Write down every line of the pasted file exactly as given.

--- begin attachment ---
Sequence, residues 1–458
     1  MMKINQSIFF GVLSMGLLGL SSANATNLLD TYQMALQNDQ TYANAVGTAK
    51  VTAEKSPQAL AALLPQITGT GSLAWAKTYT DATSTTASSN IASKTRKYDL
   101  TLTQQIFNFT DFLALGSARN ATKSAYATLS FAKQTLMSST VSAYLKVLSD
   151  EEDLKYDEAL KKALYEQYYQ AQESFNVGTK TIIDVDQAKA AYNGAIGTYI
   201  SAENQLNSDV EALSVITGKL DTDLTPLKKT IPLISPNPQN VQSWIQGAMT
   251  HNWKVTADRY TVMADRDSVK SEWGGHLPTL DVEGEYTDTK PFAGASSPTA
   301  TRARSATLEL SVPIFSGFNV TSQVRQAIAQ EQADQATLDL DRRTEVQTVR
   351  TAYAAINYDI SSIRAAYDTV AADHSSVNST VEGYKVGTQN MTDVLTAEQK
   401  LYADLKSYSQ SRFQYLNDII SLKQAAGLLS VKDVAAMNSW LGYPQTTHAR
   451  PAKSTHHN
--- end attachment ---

Sequence, residues 1–458
     1  MMKINQSIFF GVLSMGLLGL SSANATNLLD TYQMALQNDQ TYANAVGTAK
    51  VTAEKSPQAL AALLPQITGT GSLAWAKTYT DATSTTASSN IASKTRKYDL
   101  TLTQQIFNFT DFLALGSARN ATKSAYATLS FAKQTLMSST VSAYLKVLSD
   151  EEDLKYDEAL KKALYEQYYQ AQESFNVGTK TIIDVDQAKA AYNGAIGTYI
   201  SAENQLNSDV EALSVITGKL DTDLTPLKKT IPLISPNPQN VQSWIQGAMT
   251  HNWKVTADRY TVMADRDSVK SEWGGHLPTL DVEGEYTDTK PFAGASSPTA
   301  TRARSATLEL SVPIFSGFNV TSQVRQAIAQ EQADQATLDL DRRTEVQTVR
   351  TAYAAINYDI SSIRAAYDTV AADHSSVNST VEGYKVGTQN MTDVLTAEQK
   401  LYADLKSYSQ SRFQYLNDII SLKQAAGLLS VKDVAAMNSW LGYPQTTHAR
   451  PAKSTHHN